Birthdays are my favourite time. Not my birthday, but the birthdays of my friends and family; the people I love. I find so much pleasure picking out a gift that sums up my relationship with that person or something thoughtful that will show them I pay attention and put some thinking into picking. I even think I prefer it to my own birthday.
I also love cake. As a child my Mum made cakes and decorated them beautifully, and I have always wanted her to start her own business. Over the years I have had clowns, Little Mermaids, four and twenty blackbirds baked in a pie (this is a personal favourite as she made the pie lid stand up to see the birds inside) and all sorts of fantastic Christmas cakes.
It’s given me the bug. I’m pretty good at whipping up savoury treats, but desserts have always caused me problems. Little Tinker won’t let me make pancakes on Pancake Day as they come out like door stops while hers are thin and papery, and I was kindly asked not to choose Home Ec as a subject to GCSE after an incident that involved slightly too much baking soda and a cake explosion, taking out the other kids who were sharing the oven.
There are rare times when I pull a blinder, but it’s taken me a few years and time to realise that it is an exact science, and not like savoury food where I can throw stuff together and it come out right.
My Great Grandmother used to bake the most perfect chocolate cake; it was moist and delicious, with a layer of apricot jam and then set chocolate on the top. Everyone loved it and it didn’t last five minutes when it got home, wrapped in the old fashioned baking parchment that she used to parcel her sweet treats up in. the whole fun of getting the cake and the build up to it was part of it; opening the parchment and finding the delicious cake inside, that we had been dreaming of since we polished off the final crumbs of the last one.
I love baking birthday cakes for people. I’ve posted previously on my successes, but glossed over the times that I have had cake meltdowns in the kitchen, covered in cake mix and having incinerated a batch of cake dough to the inside of the oven. It’s often hard to do, but I love the way it makes you feel when someone has made you a cake. My Mum created the memories for us every year, never making us share a cake (we are 6 days apart) and I love to recreate that for other people
This weekend marks my best friend’s 27th birthday; the day that she is back to the same age as me and no longer refers to me as the older one. She had exactly 2 months each year to do this, so I smile graciously about being the oldest and take the jokes on wrinkles and Zimmer frames.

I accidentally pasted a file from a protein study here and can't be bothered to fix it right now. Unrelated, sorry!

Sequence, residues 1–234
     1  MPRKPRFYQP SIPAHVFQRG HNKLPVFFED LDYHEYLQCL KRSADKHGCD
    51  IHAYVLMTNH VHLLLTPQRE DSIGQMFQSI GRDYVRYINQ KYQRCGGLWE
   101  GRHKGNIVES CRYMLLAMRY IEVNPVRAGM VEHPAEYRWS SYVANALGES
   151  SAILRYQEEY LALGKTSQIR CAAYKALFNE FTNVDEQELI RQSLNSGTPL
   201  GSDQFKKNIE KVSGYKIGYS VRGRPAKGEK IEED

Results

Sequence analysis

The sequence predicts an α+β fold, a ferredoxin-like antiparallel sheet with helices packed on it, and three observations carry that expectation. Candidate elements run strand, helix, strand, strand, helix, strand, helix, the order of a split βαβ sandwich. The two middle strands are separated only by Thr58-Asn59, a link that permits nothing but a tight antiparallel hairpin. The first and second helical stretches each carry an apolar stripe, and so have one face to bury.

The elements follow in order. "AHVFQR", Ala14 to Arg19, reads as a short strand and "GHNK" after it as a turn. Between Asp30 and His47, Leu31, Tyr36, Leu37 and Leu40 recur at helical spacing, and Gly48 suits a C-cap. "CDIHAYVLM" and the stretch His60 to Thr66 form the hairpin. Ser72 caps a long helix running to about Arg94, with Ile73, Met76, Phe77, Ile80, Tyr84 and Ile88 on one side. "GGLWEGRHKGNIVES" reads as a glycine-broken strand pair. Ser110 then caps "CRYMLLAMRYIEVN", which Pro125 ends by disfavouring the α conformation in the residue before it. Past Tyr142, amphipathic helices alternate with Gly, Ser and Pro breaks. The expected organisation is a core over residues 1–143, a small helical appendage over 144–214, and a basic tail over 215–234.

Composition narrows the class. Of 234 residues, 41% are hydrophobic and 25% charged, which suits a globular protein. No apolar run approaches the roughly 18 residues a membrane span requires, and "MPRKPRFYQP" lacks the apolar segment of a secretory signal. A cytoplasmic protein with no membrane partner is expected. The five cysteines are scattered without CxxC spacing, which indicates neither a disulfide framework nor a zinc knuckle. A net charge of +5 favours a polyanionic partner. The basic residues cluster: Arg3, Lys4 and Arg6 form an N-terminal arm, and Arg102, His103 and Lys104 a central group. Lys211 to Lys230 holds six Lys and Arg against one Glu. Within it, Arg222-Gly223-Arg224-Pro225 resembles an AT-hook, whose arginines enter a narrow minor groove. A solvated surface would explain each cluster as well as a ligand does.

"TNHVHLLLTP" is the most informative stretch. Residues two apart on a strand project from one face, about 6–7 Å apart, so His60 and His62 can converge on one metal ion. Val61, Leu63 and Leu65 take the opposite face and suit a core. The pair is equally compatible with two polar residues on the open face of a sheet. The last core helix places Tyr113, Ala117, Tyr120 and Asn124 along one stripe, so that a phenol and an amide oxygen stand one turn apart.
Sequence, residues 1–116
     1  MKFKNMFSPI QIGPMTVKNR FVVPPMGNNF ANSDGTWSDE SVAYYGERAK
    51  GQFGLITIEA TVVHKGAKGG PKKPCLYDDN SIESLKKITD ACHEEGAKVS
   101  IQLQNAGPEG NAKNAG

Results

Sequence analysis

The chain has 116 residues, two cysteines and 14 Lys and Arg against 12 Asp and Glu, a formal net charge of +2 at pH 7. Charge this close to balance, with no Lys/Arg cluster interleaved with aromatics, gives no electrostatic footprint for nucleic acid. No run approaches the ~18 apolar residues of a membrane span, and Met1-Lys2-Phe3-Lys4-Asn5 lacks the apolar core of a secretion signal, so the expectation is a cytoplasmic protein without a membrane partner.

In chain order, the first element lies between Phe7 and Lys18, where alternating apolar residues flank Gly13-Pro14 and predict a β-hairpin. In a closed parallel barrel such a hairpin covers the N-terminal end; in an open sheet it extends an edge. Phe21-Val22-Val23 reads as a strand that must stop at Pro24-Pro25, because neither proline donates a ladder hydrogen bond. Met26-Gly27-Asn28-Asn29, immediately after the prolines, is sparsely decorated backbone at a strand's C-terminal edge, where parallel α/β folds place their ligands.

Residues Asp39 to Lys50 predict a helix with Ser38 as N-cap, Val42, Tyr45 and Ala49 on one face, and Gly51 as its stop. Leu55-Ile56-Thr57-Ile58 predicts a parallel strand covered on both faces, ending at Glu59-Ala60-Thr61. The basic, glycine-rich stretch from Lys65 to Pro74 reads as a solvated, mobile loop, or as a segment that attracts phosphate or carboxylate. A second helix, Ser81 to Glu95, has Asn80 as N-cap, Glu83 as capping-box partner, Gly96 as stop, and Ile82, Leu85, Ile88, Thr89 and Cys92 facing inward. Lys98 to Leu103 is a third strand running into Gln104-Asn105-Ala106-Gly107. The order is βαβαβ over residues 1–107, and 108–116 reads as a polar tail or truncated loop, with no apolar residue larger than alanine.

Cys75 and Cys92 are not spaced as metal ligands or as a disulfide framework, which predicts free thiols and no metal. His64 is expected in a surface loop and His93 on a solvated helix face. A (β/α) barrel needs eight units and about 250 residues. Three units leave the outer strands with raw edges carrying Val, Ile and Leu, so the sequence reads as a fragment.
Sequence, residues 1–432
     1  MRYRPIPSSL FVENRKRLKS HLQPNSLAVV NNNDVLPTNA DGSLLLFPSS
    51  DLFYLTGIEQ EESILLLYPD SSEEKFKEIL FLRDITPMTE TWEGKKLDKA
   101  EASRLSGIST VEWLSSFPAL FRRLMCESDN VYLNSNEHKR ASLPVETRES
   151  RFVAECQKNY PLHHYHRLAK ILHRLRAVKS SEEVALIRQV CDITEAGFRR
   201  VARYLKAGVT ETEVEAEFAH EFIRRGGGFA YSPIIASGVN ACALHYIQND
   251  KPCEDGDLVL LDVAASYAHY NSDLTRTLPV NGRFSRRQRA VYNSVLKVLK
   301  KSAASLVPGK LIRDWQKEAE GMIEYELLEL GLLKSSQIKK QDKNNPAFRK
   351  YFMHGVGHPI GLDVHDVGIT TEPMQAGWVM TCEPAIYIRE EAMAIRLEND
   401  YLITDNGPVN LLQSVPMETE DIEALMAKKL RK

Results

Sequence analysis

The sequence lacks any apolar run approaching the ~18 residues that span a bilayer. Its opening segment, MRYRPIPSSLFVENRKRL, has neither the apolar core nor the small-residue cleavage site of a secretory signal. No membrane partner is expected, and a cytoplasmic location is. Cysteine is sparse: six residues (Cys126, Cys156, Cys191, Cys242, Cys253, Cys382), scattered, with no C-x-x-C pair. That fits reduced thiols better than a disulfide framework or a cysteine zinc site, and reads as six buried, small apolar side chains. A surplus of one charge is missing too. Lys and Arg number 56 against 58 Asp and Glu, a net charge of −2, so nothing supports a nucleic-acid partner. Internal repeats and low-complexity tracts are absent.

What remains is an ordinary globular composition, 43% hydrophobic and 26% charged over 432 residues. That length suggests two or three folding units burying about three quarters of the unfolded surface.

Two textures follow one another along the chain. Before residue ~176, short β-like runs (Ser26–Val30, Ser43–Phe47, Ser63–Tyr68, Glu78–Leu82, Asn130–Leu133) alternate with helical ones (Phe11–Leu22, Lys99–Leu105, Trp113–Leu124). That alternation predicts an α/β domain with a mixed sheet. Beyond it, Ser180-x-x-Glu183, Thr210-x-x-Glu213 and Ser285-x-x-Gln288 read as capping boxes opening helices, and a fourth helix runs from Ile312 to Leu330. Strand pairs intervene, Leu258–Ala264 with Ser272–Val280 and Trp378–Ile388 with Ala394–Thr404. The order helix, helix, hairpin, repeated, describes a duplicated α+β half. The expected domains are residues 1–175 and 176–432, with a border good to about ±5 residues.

So I decided I wanted to make those cupcakes that look like ice-cream cones (damn you, Pinterest!) I thought that it might be difficult, but after the Cookie Monsters and Kit Kat cake successes I gave it a try as I’m starting to become a bit of a one trick pony.
The result was pretty horrendous. The cakes were a doddle; replace the cupcake cases with those free standing cones, but the topping was a bit of a nightmare. Let’s get to the truth… I cried. It was the freezer that started the sneaky cake hate spiral; a pizza box got jammed as I was trying to open the drawer, squeezing the frosting out of the piping bag and into my freezer, and then breaking the drawer. I sat on the floor, fish slice in one hand and sobbed about how my cakes were going to look like one of those ‘nailed it’ Pinterest memes. You know the sign of a good boy when they look at you, look at the cake mess you are standing in and declare “it’s not what it looks like anyway is it chicken? It’s all about how it tastes”.
So anyway, back to the cake Armageddon. Cakeageddon. I scraped the runny frosting off the cupcakes, the walls and my kitchen floor and after getting really stressed with the boy when he suggested eggs WHAT DO YOU KNOW ABOUT FROSTING?! WHEN DID YOU LAST MAKE CUPCAKES?! I decided to a) say sorry and b) sleep on it.
The results were fruitful. I woke up with a renewed plan and decided to reread the recipe which I had skim read about three months previous.
Turns out it did need eggs. The frosting is made with a meringue mix to start, and then the buttercream is gradually worked in to prevent the meringue peaks from collapsing and give it a thick and creamy texture.
VOILA! They taste pretty good too.
Have you ever had any kitchen meltdowns? We won’t talk about the time I set fire to my Mums favourite cookery book when cooking pasta on the gas stove.